They can set you up with a region on their PG-rated public, hypergrid-accessible ReactionGrid. Or they can create a private grid for you, either on or off the hypergrid. They also offer an OpenSim appliance, a pre-configured computer you buy, plug in behind your firewall, turn on, and — voila! — you’re running your own virtual world.

ReactionGrid CEO Kyle Gomboy
CEO Kyle Gomboy
CTO Chris Hart
CTO Chris Har
COO Robin Gomboy
COO Robin Gomboy

With warm customer service, and a growing army of evangelical users, it’s no wonder that ReactionGrid has become the largest commercial grid in the OpenSim universe, with 229 regions as of a week ago. There are three larger grids, but all are non-profit, and all allow free connections from folks hosting their own regions.



OpenSim is an evolving platform. And plenty of folks contribute to its evolution. (See the list of core developers here — thanks, guys! We love you!)

Fashion Research Institute CEO Shenlei Winkler and Intel CTO Justin Rattner. (Photo courtesy SC09.)
Fashion Research Institute CEO Shenlei Winkler

But if you want to see some really mind-blowing stuff, head over to ScienceSim. This Intel-backed grid recently ran a test in which they put 1,024 regions on a single processor, simulating Yellow Stone National Park. If you think that’s impressive, they’re also managing to fit over 200,000 primitives on a single region — though not a region sharing its processor with 1,023 others.

A primitive is a building block of virtual world construction. An average region typically holds around 5,000 primitives. Second Life regions max out at 15,000 primitives. OpenSim regions have no maximum limit — they can hold as many objects as the server can handle.

The woman behind this particular bit of boundary-pushing is Shenlei Winkler, CEO of the Fashion Research Institute. She’s also administering the ScienceSim Land Grand Program, under which educators and researchers can get free space on ScienceSim.



Obviously, the best grid for you is your own private grid. No matter how tiny and dinky, it’s still home sweet home. But when you leave your personal pocket universe, where do you go?

The number one destination? OSGrid.

If you’re looking for networking events, dance parties, shopping destinations, technical advice, or a shoulder to cry on, OSGrid is the cross-roads of the metaverse. At least, it is until Second Life joins the hypergrid.

A virtual meeting. (Image by Hypergrid Business.)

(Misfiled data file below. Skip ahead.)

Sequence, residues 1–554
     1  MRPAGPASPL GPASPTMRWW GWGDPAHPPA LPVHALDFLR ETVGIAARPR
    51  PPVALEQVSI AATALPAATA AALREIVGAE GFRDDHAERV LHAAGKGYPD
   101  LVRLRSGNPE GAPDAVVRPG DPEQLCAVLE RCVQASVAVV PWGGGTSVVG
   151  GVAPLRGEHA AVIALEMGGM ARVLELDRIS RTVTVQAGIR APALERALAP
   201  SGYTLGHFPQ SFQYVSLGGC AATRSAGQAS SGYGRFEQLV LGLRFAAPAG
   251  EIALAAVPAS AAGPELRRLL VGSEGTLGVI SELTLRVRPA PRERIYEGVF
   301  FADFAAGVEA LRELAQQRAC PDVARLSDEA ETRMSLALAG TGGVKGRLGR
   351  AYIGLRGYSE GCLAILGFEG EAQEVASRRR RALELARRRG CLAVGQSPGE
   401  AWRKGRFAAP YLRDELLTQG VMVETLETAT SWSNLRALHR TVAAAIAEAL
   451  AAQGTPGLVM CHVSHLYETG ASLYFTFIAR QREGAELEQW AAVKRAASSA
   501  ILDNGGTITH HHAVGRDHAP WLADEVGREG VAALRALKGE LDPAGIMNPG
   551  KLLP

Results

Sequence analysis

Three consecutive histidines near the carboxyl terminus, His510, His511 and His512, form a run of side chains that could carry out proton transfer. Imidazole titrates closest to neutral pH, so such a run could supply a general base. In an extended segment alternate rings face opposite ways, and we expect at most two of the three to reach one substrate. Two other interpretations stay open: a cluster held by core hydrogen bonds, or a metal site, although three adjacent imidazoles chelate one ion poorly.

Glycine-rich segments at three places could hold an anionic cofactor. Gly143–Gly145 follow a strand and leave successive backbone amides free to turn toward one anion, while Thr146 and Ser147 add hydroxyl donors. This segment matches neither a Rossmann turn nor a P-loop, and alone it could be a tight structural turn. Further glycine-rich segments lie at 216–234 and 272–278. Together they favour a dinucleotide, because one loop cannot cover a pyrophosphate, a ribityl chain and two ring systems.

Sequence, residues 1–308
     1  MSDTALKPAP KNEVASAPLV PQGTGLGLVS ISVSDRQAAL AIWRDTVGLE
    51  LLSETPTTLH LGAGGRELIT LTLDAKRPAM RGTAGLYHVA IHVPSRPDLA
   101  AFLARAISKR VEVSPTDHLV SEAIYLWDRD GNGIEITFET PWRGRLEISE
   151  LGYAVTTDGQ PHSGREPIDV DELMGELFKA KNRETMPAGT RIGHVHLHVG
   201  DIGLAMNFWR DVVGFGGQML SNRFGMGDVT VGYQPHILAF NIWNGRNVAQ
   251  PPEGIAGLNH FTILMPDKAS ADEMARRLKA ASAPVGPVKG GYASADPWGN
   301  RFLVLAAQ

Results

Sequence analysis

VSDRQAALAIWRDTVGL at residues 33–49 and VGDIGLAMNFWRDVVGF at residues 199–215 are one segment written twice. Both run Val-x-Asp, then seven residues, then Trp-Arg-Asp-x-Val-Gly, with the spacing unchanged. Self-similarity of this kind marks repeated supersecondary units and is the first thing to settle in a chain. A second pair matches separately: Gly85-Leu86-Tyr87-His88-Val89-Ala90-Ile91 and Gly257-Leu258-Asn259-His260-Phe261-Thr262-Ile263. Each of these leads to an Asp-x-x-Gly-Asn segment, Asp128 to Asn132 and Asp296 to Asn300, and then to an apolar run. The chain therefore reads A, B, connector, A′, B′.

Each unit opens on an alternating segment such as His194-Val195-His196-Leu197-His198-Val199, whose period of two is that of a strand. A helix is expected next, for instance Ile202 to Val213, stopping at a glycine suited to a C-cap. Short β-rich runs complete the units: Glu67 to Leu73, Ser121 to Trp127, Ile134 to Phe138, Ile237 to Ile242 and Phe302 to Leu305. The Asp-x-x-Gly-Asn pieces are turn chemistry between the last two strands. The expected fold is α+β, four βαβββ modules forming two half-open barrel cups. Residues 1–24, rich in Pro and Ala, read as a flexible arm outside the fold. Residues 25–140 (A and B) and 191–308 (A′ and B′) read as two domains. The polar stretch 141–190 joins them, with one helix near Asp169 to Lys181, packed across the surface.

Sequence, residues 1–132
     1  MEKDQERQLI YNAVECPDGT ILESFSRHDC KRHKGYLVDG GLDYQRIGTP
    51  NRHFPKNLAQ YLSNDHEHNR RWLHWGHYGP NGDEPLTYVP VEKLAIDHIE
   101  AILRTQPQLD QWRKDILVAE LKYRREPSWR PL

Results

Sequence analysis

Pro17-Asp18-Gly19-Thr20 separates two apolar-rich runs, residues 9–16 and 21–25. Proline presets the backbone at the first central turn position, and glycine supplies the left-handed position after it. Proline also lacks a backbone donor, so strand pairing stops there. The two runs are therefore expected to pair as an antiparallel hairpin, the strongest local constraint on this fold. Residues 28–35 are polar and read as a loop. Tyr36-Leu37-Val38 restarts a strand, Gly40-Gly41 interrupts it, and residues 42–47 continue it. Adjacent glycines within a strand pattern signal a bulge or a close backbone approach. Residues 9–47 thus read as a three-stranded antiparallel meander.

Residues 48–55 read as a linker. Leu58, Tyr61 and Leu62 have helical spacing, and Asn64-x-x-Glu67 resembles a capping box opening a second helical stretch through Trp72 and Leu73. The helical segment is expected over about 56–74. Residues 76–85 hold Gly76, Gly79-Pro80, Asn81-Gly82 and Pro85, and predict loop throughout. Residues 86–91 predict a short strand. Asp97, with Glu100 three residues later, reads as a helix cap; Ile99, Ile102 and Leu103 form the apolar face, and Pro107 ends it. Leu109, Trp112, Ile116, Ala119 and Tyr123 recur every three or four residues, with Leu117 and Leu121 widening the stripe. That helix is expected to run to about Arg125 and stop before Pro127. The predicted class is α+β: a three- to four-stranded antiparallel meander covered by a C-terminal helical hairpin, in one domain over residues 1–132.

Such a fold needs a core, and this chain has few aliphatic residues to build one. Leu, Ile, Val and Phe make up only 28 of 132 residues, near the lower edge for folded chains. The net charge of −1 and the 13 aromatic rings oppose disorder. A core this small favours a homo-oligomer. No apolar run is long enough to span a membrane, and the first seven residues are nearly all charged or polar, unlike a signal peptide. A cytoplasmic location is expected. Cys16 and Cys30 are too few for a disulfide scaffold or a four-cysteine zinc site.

A virtual meeting of the Hypergrid Entrepreneur Group on OSGrid. (Image by Hypergrid Business.)

At current writing, the non-profit OSGrid has over 5,000 regions — a sixth the land area of Second Life. It’s doubled in size since August, when it had only 2,500 regions. At this rate, OSGrid alone will be the size of Second Life in a little over a year from now. Of course, Second Life has a much higher population density. Land is expensive, so more people are packed into smaller areas. By comparison, OSGrid is almost deserted, home to artists, developers, builders and other folks looking for large, quiet spaces in which to create.

As a nonprofit, OSGrid has neither the budget nor the philosophical inclination to market itself to the outside world. People come by word of mouth, or through finding out about it on the Internet. Getting your own region on OSGrid is easy, even if you’re not particularly technically inclined. You can run Adam Frisby’s automated region launcher and host it on your own computer, or you can use one of many third-party vendors to run your region for you.

Compared to Second Life, the OSGrid community is much smaller, and also closer and more tight-knit. There’s a high percentage of technically inclined folks using their OSGrid regions to test the latest OpenSim release. OSGrid itself is at the cutting edge of development, and its management overlaps with the OpenSim open source development community quite a bit.

OSGrid is committed to respecting copyrights, and management has affirmed that it will remove offending items from the grid-wide inventory storage, and ban repeat offenders from the grid. There is also a low tolerance for griefing, disrespect, and sexually aggressive behaviors in public spaces. Of course, what you do on your own region is up to you.There are weekly office hours at which residents can raise issues, a 24/7 live IRC chat room, and active forums.

Businesses considering attaching all their company regions to OSGrid rather than running them as a separate grid should be aware, however, that OSGrid has an aggressive software update schedule. OpenSim is still alpha software, and is evolving quickly. New versions of the server code are occasionally incompatible with older versions, and region owners have to upgrade in order to remain attached to the grid. This can be an inconvenience, since a company might not have time to upgrade, and since the latest release isn’t necessarily the most stable. ReactionGrid, for example, tends to lag several releases behind OSGrid, since it’s primarily focused on having the most stable environment for its enterprise customers.

But, overall, OSGrid is a safe and comfortable environment for business visitors looking to hold networking events, buy office furniture, and meet developers and builders who might be hired to work on projects.

Maria Korolov